You can achieve the aesthetic look of board and batten siding using several different types of materials. Certain materials will offer you better qualities than others. However, they often come at a higher price. The following are the four most common materials used to make barn siding, along with their pros and cons. 

Wood Board and Batten Siding

batten board siding

Staying true to the original board and batten, you can use any number of types of wood. The most common are pine, cedar, and redwood.

Cost: $1.50 – $5.50 per square foot is an estimate of the cost of materials. You will have to factor in the labor costs, which will depend on who you hire to install the siding.

Best for: A rustic look. When wood board and batten siding well taken care of, it is durable.

Pros: 

  • Lots of options to paint, stain or seal it
  • Depending on the wood, it can be cheaper than other options
  • Gives you the natural rustic look

Cons: 

  • Higher maintenance — can be susceptible to disease, rot, and decay if moisture should find its way inside
  • Must watch out for termites
  • Certain woods will be costly and hard to find. 

Vinyl Board and Batten Siding

Image Source: kaycan.com

Vinyl is cheap and can achieve a classy board and batten aesthetic with lower maintenance than natural wood. It does have a couple of drawbacks that you will want to consider.

Cost: $1.00-$5.00 per square foot is an estimate of the cost of materials. This estimate doesn’t include labor costs or in which part of the country your home is located.

Best for: Cheaper installation but keeping a decently realistic look.

Pros: 

  • Lower maintenance, disease-proof 
  • You don’t have to worry about termites destroying your siding
  • Comes pre-painted
  • Lots of color options
  • Mid-range price

Cons: 

  • Not as durable as the other options, can be prone to storm damage from debris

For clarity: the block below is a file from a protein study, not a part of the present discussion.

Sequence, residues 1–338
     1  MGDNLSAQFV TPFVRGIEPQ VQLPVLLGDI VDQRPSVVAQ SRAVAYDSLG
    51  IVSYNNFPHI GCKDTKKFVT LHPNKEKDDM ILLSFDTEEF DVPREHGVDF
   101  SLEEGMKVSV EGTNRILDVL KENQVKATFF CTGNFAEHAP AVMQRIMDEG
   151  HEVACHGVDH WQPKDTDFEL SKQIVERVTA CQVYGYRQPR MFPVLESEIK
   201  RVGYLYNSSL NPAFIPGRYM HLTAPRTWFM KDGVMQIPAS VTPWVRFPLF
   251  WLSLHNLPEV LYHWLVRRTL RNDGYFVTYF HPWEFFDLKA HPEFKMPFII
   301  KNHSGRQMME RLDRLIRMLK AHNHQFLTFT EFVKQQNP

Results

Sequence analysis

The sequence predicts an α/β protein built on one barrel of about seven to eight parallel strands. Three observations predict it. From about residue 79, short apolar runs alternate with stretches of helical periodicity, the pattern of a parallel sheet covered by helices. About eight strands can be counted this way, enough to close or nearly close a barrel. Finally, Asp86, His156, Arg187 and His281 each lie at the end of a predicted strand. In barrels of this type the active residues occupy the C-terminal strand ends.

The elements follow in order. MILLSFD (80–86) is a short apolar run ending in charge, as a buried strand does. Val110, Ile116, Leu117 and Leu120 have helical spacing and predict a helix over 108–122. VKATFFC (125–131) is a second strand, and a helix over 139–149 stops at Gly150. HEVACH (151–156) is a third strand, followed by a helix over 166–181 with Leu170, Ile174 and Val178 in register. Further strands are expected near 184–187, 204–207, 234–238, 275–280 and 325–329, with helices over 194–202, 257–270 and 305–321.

• Doesn’t look quite as good as natural wood, but from a distance, it’s hard to tell the difference

Steel Board and Batten Siding

Image Source: trulogsiding.com

Steel siding can cost a bit more than other material but it’s up there with fiber cement in terms of durability. Steel board and batten siding can also be styled to look like different types of wood and different colors. It’s long lasting and very durable when it comes to storm damage.

Cost: $3.00- $9.00 per square foot will get you in the ballpark price for steel board and batten siding. This price doesn’t include the labor to install the siding.

Best for: durability, impact resistance, low maintenance

Pros: 

  • Steel is one of the most durable options
  • Can be painted any color you like
  • Low maintenance

Cons: 

  • The most expensive option
  • Can’t get the rustic natural wood look

Fiber Cement Board And Batten Siding

board and batten exterior

Fiber cement is incredibly durable, versatile, long-lasting, and safe. It is weather, fire, and heat resistant. It can also be designed to look like almost any other kind of material, including wood and can closely mimic natural wood grain and texture without having the high maintenance of wood. It’s also relatively cheap to install, compared to wood or steel.

Cost: $1.00 – $6.00 per square foot is the average cost for fiber cement board and batten. The installation will cost extra, especially since special tools are needed.
Best for: Getting a wood look with improved durability and without the maintenance hassle of natural wood

Pros: 

  • Low maintenance
  • Fire-resistant
  • Durable
  • Low-cost materials
  • Looks good

Cons: 

  • Heavy
  • Difficult to install
  • Needs special tools to install
  • You might need to add more support to your house to hold the extra weight

Prominent Manufacturers of Board and Batten Siding

The following companies are known for making quality siding products, especially board and batten.

James Hardie is a top manufacturer of fiber cement siding. They also offer other styles and types of siding. The advantages of choosing James Hardie are they are known for high-quality products. They offer a 15-year limited warranty for their ColorPlus Technology and a limited lifetime warranty on their cement board with hydrodefence technology. Keep in mind because James Hardie is a leader in the industry, their products are higher priced.

Trulog is a prominent USA steel siding manufacturer with one of the best board and batten steel siding products on the market. The company offers 30-year warranty on their products, supplies high-quality USA steel with Class 4 impact rating directly from factory and provides a wide range of wood grain and white modern farmhouse options.

CertainTeed also offer vinyl board and batten siding. The advantages of purchasing CertainTeed products are their lower cost, realistic look, and limited lifetime warranty. Keep in mind that vinyl is cheaper upfront, but it could cost you more in the long run due to its lower durability.